Little Globetrotters in Prague and Paris
Czech Dialog received this interesting interview with Karen York, which is focused on travelling, teaching and speaking languages with small (Czech) children
Summer is the season of travelling, discovering new places, cultures, people, traditions... While many adults see travelling and related activities as the best way of spending their free time, children may not necessarily share their excitement: they find sightseeing boring, the only highlights being ice-cream, local sweets and souvenir toys.
Imagine you're on your way to visit Prague or Paris and your kids are too small to be left at home or too small to get excited about the Charles Bridge or Notre Dame. Yet they're too old to quietly observe the world from their pram in between many naps. Sounds familiar? Well, the same question puzzled Karen York who has been roaming the world throughout her entire life.
Karen York is a cosmopolitan and well-travelled author of two guide books for children about Prague (Susie and Tom Travel the World: Prague) and Paris (Little Globetrotters Visit Paris). It has been my pleasure to meet her and talk to her about her life and work.
Karen, you speak both Czech and English absolutely naturally. Are you bilingual? Can you tell us something about your origin?
I was born in the Czechoslovakia and when I was 8 my parents emigrated first to Sweden, and then to Australia a few years later. I lived in Australia until I was 26. When I got married to my husband Richard, we spent many years living abroad in different places thanks to his job, in Singapore, Jakarta, London and Brussels. Then we came to Prague and stayed here for ten years. Now we live in Luxembourg.
So you weren't a naturally bilingual child, you had to pick up foreign languages due to the circumstances...
Exactly. I remember my first time on the playground when we came to Sweden. I was eight then and I thought to myself: "How am I ever going to understand these kids?" But I was still little, wasn't embarrassed and somehow picked it up quickly. I also had a few extra classes of Swedish every week organized for immigrants by the school, so that helped. Two years later we moved to Tasmania and it was already much harder for me to learn English. I was older, more embarrassed, there were fewer teaching programmes for immigrants... But somehow I managed after all. At home, my parents spoke to me Czech all the time, we had many Czech books from exiled authors that published in Canada so I was exposed to the Czech language during my entire childhood.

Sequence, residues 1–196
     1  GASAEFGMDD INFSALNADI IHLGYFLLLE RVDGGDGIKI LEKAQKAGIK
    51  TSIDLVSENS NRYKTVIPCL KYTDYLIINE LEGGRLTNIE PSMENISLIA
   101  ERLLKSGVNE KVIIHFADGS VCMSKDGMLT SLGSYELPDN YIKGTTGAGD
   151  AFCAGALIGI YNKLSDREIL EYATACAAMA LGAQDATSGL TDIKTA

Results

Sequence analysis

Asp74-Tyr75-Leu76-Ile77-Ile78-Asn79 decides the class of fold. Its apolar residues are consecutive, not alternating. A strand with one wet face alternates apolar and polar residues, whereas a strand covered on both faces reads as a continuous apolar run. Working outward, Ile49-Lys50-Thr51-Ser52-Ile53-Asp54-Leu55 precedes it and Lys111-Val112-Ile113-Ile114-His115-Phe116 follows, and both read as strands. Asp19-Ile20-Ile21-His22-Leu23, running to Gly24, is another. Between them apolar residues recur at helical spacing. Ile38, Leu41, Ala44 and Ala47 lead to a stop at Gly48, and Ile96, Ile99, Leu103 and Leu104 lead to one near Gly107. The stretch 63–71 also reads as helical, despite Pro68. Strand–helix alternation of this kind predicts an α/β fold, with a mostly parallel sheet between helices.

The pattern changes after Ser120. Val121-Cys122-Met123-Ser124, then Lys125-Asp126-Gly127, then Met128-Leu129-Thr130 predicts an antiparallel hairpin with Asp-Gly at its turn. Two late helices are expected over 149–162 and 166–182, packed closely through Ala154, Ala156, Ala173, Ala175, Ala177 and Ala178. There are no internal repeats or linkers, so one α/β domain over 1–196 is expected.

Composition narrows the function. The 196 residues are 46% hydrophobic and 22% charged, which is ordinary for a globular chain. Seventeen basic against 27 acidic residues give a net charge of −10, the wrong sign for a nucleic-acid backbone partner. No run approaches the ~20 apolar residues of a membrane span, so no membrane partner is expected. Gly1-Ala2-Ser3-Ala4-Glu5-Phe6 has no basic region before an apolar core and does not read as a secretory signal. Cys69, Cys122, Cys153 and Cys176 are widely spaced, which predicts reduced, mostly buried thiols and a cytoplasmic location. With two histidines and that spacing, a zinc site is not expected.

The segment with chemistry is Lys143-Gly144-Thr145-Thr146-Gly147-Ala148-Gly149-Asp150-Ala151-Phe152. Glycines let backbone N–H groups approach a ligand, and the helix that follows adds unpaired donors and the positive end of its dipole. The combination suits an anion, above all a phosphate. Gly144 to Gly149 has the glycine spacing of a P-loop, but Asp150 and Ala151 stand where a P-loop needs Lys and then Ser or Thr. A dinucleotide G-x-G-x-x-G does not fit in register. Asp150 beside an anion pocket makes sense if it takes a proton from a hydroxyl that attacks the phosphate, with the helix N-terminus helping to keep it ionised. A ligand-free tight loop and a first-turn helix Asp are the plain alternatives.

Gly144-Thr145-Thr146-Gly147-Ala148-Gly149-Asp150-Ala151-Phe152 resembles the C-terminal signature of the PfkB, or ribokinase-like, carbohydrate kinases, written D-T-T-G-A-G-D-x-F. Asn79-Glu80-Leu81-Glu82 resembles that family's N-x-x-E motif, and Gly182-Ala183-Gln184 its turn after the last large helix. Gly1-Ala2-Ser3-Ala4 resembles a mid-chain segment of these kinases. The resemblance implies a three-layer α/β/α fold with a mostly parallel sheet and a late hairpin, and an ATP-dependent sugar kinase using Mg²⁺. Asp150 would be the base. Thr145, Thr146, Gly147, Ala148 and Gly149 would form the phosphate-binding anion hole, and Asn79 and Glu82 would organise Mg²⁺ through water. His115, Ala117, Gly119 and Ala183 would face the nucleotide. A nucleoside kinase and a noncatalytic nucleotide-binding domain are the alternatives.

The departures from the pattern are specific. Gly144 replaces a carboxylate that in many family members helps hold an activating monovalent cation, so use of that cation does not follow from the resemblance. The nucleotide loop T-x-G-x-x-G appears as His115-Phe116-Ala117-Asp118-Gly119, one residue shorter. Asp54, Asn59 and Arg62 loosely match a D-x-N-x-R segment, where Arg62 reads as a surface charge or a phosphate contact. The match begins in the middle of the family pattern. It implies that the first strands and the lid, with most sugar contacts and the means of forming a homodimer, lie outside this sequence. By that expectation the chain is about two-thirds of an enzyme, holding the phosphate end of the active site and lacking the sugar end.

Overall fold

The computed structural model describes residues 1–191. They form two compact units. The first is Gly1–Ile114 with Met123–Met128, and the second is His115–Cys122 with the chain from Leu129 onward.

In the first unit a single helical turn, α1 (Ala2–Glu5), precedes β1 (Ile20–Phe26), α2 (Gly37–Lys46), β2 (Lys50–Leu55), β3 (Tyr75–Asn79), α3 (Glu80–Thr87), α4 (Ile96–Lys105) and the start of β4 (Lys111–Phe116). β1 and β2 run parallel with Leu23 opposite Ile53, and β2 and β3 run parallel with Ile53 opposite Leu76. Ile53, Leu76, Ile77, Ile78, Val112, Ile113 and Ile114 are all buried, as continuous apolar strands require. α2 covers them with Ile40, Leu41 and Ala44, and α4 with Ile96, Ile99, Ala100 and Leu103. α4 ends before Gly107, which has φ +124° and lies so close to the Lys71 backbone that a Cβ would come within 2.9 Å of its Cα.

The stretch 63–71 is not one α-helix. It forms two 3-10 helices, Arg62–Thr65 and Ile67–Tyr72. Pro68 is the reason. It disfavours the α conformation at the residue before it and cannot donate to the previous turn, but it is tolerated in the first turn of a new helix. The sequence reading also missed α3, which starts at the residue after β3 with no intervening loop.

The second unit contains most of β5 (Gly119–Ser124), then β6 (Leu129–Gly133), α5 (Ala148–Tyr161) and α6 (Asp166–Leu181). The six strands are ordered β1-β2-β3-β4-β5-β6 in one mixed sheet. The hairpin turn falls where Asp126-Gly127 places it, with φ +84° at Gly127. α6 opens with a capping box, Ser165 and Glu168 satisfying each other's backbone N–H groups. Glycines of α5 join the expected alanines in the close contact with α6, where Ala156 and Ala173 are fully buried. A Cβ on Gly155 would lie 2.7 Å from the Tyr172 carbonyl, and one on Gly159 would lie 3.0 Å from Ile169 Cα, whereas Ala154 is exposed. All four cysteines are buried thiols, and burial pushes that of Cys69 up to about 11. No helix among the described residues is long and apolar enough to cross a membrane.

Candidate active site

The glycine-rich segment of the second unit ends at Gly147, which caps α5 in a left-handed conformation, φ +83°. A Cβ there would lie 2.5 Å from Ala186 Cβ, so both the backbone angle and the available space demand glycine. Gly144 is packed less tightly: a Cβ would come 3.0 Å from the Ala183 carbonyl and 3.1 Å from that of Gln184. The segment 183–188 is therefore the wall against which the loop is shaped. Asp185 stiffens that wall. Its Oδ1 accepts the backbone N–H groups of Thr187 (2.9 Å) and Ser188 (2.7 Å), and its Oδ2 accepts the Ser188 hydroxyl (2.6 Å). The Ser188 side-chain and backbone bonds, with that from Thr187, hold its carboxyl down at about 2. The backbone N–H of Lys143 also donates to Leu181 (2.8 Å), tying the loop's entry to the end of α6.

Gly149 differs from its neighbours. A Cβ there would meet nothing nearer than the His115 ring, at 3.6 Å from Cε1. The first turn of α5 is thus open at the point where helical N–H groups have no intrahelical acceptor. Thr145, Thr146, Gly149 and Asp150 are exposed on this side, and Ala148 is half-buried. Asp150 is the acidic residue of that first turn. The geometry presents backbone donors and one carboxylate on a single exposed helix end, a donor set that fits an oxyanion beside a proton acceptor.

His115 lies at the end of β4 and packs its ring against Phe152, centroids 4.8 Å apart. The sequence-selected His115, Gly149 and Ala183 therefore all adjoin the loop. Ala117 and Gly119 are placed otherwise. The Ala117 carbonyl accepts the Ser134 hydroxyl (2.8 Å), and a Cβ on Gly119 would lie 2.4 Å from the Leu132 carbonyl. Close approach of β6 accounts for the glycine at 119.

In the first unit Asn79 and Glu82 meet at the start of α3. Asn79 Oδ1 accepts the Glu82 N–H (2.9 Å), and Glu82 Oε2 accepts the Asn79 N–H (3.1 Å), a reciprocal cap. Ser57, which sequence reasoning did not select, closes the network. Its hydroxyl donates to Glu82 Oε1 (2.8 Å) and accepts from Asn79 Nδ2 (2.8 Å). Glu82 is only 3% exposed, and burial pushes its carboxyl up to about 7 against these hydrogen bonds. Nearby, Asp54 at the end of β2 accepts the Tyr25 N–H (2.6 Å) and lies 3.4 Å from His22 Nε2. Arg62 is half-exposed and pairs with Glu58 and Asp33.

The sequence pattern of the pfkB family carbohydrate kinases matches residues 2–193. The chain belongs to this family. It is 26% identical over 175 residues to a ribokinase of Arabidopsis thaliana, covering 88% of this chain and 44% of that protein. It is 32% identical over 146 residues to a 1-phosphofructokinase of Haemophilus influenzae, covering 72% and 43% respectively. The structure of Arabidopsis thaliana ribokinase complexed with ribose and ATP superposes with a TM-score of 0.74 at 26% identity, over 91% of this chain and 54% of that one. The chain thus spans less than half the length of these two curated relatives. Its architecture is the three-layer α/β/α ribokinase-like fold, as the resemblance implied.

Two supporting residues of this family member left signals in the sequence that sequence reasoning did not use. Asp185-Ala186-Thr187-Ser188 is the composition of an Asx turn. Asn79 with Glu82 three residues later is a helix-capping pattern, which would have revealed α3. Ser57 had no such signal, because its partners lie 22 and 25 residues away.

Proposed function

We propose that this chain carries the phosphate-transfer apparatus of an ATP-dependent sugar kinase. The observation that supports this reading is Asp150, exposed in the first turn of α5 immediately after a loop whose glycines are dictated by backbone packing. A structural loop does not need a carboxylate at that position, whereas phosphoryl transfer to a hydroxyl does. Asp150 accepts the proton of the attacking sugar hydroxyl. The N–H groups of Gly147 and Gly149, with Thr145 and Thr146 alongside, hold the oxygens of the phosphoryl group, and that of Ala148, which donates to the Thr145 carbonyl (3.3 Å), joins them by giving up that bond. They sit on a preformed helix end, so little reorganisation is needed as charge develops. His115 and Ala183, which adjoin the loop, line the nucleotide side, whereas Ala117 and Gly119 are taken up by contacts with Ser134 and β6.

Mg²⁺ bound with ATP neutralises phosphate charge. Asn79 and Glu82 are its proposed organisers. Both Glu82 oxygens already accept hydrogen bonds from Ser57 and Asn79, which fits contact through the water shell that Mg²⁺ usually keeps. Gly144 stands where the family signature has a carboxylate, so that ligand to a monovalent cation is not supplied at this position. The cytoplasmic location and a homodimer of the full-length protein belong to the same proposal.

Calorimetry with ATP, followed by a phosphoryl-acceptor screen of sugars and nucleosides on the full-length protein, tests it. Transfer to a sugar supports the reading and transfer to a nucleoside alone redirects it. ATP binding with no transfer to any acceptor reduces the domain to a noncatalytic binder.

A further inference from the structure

You have two sons aged 9 and 14. Do they speak both Czech and English?
Yes, they are bilingual. My older son was born in Prague and we stayed in Prague for ten years. So my sons were growing up in a Czech environment, I spoke to them in Czech, they had Czech friends, went to a Czech school. My husband travels on business a lot so in Prague it was actually hard for us to keep their English up. Not to lose it, we enrolled them in many English activities for kids, luckily there are many opportunities in Prague. They also watched the TV cartoons in English only.
How about their Czech now? You live in Luxembourg , they attend international schools... Does their Czech "suffer"?
Oh, not at all, actually. Thanks to the EU institutions, there's quite a large Czech community living in Luxembourg so we're exposed to Czech regularly there, too.
You are the author of two travel guides for children. How did the idea to write such books occur?
Me and my husband have always travelled a great deal. Not just on business, we love travelling and visiting foreign places in our free time in general. So it only became natural that when started a family, we would take our kids with us. Unfortunately, kids often don't find travelling so exciting, particularly the younger ones. I remember when my oldest son Robbie was about four years old, we were in Venice. We took a gondola ride and I was super excited, showing him all the sites around and telling him how Venice is romantic and how lucky we were to be there. But unfortunately he didn't share the excitement. :-)
It was then when I got the idea that it'd be great if there was a guide book designed for children, that would relate to little travellers and make the entire trip an entertainment for them.
So you decided to made your own book...